“The Phantom Thread” is “Fifty Shades of Grey,” Except Literally

“The Phantom Thread” is “Fifty Shades of Grey,” Except Literally

Daniel Day-Lewis attended this year’s Golden Globes with a shaved head, looking uncannily like Matt Lauer. Every time the camera cut to him, he’d be smiling gently and for a moment, before the correct solution clicked into place, your brain would have to reconcile the idea that a notorious abuser was sitting placidly in a ballroom full of angry women.

There couldn’t have been a better trailer for Day-Lewis’s new film, The Phantom Thread, written and directed by Paul Thomas Anderson. Day-Lewis has said this will be his final acting role, which is precisely the kind of dramatic pronouncement you might expect from his character, Reynolds Woodcock.

Woodcock is a fashion designer in post-war London. His work is coveted, and so is he. The silver fox apparently loves and leaves a series of young muses, with his only longtime companions being his sister Cyril (“my old so-and-so,” in the person of Lesley Manville) and the spirit of his idolized dead mother. We soon meet the latest in his string of ingenue companions: Alma (Vicky Krieps), who’s resolved to make herself less disposable than her predecessors. Firmly resolved.

Before the unexpected developments of the film’s latter half, though, we spend a lot of time with Woodcock at peak Woodcock. His designs are so stunning that they make all of Europe swoon, but being his companion means playing entirely by his rules. No eating too loudly at breakfast, no moving while you’re modeling, and sex is an activity that he exclusively initiates — typically after you stick your neck out in defense of his brilliance.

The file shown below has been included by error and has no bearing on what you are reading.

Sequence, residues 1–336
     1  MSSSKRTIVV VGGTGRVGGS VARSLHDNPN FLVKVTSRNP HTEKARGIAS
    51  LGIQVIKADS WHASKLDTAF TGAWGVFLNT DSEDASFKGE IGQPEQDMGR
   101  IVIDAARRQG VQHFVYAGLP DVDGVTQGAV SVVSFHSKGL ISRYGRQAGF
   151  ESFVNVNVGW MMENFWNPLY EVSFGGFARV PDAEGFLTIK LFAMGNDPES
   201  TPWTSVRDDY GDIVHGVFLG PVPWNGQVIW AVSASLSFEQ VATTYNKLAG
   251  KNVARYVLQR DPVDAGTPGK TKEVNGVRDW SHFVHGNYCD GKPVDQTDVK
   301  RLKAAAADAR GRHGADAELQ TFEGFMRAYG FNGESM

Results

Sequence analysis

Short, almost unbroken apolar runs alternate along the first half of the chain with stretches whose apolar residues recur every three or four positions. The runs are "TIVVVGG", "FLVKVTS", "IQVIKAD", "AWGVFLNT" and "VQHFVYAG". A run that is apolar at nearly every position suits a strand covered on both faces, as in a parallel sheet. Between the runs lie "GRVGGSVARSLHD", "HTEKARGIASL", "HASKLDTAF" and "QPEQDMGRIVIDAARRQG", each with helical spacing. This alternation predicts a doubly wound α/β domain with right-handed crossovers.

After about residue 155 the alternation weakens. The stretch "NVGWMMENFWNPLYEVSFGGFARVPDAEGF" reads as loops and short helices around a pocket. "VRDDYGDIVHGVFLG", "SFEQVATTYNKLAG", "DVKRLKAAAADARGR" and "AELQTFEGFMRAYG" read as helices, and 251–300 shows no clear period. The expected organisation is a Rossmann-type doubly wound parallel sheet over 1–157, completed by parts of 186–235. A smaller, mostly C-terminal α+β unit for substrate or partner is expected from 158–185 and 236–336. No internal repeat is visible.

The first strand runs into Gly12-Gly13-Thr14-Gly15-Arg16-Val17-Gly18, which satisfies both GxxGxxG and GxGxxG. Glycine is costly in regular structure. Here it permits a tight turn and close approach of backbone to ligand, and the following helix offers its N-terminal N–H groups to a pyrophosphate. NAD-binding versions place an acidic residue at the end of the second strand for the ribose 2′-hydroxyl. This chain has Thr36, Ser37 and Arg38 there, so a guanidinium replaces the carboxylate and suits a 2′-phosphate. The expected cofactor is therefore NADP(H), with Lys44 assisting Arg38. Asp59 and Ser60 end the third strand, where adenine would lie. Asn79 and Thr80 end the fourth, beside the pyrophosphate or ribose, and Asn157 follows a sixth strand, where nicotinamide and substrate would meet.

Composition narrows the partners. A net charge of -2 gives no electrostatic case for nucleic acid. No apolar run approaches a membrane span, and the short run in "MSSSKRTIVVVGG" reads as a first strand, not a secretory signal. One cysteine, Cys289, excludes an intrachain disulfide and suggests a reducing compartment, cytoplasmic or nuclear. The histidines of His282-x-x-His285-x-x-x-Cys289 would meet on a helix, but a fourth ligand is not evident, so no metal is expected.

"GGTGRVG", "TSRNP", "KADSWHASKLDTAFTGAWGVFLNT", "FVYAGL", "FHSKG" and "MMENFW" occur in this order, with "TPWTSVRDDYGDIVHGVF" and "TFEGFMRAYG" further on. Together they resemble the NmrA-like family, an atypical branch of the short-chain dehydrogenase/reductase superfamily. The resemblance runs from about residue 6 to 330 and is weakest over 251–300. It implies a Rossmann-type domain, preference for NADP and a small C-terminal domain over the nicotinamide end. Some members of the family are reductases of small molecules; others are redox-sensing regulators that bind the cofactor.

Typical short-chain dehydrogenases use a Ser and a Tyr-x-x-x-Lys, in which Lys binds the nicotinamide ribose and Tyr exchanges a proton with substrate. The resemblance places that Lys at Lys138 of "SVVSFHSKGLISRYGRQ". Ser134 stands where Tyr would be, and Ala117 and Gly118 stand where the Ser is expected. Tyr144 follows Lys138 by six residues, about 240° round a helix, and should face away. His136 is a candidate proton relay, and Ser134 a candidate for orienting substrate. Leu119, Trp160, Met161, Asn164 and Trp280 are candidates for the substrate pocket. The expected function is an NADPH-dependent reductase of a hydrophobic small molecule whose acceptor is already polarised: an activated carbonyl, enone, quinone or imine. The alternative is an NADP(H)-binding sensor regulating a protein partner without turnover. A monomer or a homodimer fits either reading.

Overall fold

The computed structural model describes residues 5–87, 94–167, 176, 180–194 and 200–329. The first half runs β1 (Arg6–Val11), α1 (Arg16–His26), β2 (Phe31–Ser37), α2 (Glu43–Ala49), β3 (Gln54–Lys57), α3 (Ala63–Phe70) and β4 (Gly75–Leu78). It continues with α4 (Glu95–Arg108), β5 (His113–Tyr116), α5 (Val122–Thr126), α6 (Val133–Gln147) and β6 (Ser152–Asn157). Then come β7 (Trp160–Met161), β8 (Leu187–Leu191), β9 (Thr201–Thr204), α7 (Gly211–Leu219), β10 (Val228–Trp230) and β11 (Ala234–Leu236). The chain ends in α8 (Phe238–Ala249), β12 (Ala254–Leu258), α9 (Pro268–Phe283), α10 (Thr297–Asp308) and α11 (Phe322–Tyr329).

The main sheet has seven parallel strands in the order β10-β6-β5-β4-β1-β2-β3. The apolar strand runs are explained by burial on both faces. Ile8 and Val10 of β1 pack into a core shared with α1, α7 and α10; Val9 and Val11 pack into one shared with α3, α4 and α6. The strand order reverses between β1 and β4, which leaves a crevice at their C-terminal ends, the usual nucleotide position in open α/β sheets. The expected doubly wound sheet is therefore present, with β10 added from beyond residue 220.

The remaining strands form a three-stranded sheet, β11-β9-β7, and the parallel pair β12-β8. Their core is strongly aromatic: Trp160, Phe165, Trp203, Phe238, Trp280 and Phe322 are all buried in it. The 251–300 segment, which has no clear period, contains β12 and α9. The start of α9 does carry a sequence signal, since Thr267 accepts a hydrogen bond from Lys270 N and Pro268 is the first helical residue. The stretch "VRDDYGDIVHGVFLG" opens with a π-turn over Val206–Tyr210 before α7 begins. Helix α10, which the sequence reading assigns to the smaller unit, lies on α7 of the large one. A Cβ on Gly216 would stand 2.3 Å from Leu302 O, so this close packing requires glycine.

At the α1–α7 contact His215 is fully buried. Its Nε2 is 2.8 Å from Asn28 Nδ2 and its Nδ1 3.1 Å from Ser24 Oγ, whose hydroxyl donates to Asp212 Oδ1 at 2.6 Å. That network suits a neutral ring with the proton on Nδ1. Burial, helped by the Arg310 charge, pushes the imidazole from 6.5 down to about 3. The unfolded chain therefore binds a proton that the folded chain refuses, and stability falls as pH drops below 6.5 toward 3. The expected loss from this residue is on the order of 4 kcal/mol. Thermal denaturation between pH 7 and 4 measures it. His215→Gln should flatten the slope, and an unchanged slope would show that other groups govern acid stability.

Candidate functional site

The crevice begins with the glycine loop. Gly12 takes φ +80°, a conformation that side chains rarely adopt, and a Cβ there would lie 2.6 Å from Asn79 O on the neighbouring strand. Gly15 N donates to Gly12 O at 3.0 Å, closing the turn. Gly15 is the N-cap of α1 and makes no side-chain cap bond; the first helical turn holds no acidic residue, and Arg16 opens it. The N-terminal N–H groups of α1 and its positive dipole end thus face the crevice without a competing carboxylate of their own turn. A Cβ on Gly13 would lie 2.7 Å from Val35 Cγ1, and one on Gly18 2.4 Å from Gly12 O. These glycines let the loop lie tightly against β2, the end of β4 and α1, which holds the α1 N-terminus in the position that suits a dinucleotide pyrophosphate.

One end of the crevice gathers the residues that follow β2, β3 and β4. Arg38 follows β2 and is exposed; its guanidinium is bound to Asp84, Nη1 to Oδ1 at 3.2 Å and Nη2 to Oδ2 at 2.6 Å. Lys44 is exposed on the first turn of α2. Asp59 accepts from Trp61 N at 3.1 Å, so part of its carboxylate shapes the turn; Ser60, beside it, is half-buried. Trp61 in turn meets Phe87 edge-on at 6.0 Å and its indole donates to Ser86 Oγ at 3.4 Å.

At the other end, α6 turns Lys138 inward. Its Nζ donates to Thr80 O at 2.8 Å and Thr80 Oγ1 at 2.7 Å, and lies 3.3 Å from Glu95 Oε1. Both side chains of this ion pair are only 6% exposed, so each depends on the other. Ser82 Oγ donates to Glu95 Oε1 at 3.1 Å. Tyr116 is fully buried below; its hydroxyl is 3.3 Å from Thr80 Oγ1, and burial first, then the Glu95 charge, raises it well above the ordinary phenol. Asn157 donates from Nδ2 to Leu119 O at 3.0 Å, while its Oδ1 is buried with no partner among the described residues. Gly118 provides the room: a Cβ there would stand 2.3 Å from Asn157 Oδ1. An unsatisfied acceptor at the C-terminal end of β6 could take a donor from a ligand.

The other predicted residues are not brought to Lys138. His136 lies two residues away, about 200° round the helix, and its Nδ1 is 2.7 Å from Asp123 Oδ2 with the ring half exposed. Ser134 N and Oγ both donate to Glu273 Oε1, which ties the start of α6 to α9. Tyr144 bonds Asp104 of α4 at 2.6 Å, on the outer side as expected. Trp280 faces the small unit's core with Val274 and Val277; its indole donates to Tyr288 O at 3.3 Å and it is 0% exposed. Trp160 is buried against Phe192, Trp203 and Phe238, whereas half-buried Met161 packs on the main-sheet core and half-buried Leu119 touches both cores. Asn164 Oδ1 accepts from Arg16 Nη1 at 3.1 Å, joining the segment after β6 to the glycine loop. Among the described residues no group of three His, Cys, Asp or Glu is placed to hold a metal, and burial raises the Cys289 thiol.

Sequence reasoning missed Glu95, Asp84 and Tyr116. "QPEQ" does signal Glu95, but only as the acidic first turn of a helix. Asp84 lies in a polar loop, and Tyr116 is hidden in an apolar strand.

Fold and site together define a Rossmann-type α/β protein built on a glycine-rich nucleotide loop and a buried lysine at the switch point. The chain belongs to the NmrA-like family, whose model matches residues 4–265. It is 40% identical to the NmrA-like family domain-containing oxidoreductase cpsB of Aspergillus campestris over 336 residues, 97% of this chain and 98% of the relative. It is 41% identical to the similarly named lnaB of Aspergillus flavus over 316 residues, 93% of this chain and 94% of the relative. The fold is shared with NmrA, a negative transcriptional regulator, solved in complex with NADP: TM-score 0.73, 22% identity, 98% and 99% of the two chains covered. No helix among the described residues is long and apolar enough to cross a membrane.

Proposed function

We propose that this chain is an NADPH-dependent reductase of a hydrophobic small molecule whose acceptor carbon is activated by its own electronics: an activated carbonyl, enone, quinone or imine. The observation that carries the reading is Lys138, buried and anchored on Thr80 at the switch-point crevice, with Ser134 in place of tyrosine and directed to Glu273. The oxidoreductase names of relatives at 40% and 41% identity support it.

The women sitting behind me audibly groaned through much of this passage, and so may you. Although the film’s R rating is only for language, Anderson is explicit in his portrayal of an extreme but uncomfortably familiar dynamic. Does Woodcock’s undeniable talent give him permission to exert rude dominance over the women who enter his sphere? In his mind, that’s the equation: love him or leave him. The fact that Woodcock sets those terms atop a mountain of privilege goes unsaid.

In the film’s great bravura scene, we see Woodcock apply his technique of seduction. How does he win young women over? He simply looks at them. Looks and looks and looks, smiling as though he can’t help himself. There’s flirtatious banter (“hungry” is a watchword), a countryside drive in a fast car, an intimate chat by the fireside, and finally the consummation: not copulation, but custom-fitting.

Shooting outside of the U.S. for the first time, Anderson has created a sumptuous film that swaths its prickly characters in layers upon layers of elegance. Jonny Greenwood’s neoclassical score sets a very deliberate tone of constrained passion, and the individual vignettes have a delicate efficiency that matches Woodcock’s seam work.

Consider a moment where Alma, feeling saucy, decides to decant water with more noise than she knows her particular paramour would prefer. She tips the pitcher, then lifts it, and continues lifting until her hand brushes the edge of a low lamp hanging above the table. In Woodcock’s world, that’s an outrageous, even absurd liberty — and it inspires a robust chuckle from the audience, who by this point know that as well as Alma does.

All three central performances require a certain fearlessness, and great authority. The characters must command the respect of one another, and of their audience, in a context that’s often wrenchingly uncomfortable. All are playing types, and all transcend stereotypes.

They pull it off so successfully that the film is bound to inspire diverse reactions. Some will find it painfully insightful, while others will find it simply painful. Some will find it contrived, others will find it appealingly naturalistic. It’s fantastical in a sense, but once you’ve seen it, you’re bound to find yourself seeing it again and again — not in the theater, but in the even more subtly perverted dynamics of everyday life.

Jay Gabler